We came across a post on X stating that a Harvard study has predicted that the next pandemic will be caused by the US meat supply. The post also links to an article by The People’s Voice, a platform that has repeatedly published false information.
The article by The People’s Voice refers to a 2023 study by Harvard Law School and New York University that cautions that zoonotic diseases – infections that spread between people and animals – could cause another pandemic that potentially will claim many lives.
However, the article adds that zoonotic transmission is “extremely rare, and most if not all global pandemics with lethal outcomes can be traced back to lab experiments” and the study might be used by the World Health Organisation to make decisions for the entire world on topics such as our diets or livestock farming.
The joint report by Harvard Law School and the New York University titled “Animal Markets and Zoonotic Disease in the United States”, examines the interactions between humans, livestock, and wild animals in the US.
According to the report, more emerging infectious diseases began in the US than in any other country. The report highlighted that frequent interactions between humans and animals, such as in commercial farms, coupled with poor regulations allow pathogens to easily transfer from animals to humans, causing an outbreak.
Despite being the largest importer of wildlife in the world, and the significant risks and extent of disease exposure that comes with it, the US is supposedly not ready to address these threats, many of which are chronically neglected and under-regulated. Therefore, the report called for better regulations to reduce the risk of a potential zoonotic disease outbreak.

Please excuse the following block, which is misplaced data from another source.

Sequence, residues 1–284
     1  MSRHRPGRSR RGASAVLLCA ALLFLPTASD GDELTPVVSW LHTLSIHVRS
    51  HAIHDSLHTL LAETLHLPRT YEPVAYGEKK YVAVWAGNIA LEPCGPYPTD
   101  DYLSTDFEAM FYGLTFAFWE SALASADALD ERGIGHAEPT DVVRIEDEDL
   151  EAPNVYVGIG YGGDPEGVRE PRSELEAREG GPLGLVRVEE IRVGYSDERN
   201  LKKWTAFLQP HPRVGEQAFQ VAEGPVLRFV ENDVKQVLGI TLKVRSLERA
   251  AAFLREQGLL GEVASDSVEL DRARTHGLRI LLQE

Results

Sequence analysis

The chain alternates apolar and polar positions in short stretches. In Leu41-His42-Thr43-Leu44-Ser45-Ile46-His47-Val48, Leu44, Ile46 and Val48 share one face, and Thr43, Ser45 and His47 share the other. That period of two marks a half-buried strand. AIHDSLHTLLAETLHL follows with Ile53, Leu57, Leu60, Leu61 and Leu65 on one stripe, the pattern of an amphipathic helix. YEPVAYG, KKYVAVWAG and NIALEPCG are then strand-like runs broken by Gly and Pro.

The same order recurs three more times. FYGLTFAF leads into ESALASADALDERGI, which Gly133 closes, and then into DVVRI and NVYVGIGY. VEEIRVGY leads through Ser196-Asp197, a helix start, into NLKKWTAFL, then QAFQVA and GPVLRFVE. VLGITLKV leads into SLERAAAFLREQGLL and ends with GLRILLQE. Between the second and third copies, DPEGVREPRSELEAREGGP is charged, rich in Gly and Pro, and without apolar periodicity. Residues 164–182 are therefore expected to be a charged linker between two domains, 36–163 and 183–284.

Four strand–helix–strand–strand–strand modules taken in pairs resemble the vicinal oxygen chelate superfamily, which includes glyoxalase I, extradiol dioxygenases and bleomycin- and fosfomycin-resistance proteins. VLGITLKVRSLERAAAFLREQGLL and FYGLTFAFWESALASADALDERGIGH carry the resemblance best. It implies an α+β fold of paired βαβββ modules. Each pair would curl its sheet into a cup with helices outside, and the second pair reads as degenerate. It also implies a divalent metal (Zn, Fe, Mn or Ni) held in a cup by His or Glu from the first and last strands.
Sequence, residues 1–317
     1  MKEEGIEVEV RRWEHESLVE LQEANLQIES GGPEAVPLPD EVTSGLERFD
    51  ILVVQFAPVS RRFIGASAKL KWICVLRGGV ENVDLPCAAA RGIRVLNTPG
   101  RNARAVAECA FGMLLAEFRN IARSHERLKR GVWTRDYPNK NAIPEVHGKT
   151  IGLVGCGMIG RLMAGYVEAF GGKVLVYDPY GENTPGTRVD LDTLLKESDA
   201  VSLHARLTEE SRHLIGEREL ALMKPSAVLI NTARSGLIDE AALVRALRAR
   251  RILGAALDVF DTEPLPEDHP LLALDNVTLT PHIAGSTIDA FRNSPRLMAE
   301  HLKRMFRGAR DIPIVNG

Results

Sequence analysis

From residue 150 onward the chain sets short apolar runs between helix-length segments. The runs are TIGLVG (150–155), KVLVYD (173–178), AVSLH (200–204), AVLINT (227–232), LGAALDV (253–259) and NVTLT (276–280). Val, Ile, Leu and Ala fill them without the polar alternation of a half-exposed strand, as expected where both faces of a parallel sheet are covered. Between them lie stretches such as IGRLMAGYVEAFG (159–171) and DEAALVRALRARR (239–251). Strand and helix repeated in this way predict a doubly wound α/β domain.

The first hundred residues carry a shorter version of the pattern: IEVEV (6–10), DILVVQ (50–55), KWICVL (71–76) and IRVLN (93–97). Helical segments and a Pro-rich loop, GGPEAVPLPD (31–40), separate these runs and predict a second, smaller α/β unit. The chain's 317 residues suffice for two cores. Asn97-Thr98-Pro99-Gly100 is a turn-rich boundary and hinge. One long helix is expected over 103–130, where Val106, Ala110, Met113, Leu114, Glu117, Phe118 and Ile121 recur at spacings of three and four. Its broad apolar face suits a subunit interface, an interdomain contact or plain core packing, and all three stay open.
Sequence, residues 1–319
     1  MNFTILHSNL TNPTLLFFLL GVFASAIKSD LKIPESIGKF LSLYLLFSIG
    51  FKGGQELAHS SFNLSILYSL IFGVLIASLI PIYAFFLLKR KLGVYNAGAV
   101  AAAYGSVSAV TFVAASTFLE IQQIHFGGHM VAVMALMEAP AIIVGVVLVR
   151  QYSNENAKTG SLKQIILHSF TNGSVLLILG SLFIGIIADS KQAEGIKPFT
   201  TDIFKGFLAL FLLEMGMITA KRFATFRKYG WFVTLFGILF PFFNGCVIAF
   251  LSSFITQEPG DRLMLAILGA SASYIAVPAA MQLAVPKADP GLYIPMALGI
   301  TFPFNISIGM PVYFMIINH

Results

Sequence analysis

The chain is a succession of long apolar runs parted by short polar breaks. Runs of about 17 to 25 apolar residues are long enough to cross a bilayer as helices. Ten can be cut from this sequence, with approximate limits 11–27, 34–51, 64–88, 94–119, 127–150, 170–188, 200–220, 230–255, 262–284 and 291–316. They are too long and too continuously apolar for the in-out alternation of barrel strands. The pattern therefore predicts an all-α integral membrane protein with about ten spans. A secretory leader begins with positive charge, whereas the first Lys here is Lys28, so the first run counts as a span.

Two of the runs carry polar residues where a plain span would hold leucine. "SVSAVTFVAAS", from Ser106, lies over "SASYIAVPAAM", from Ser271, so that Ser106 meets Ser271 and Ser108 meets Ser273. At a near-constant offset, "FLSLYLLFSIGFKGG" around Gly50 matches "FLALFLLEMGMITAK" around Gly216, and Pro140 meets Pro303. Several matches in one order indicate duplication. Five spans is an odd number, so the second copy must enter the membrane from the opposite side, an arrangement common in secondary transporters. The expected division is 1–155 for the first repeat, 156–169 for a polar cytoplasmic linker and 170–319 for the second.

Hence, it is true that a Harvard Study found that the next pandemic could arise from the US meat supply.
Were lab experiments the cause of most global pandemics?
Multiple disease outbreaks have originated from animals including Ebola and Zika. The recent COVID-19 pandemic’s beginning has also been linked to wildlife infected with the coronavirus.
According to the US Centers for Disease Control and Prevention (CDC), zoonotic diseases are very common in the US as well as worldwide. The CDC states that “scientists estimate that more than 6 out of every 10 known infectious diseases in people can be spread from animals, and 3 out of every 4 new or emerging infectious diseases in people come from animals”.
However, in a statement to USA Today defending their safety practices, US National Chicken Council senior vice president of scientific and regulatory affairs, Ashley Peterson, stated that “[a]ccording to the CDC, the likelihood of spreading an avian disease to a human in the United States is extremely rare”.
This suggests that while zoonotic transmission by itself may not be rare, with the proper safety precautions and regulations, certain types of diseases that could spread from animals to humans such as avian disease could be prevented almost completely.
Therefore, it is inaccurate to state that zoonotic transmission is “extremely rare, and most if not all global pandemics with lethal outcomes can be traced back to lab experiments”, and is likely false.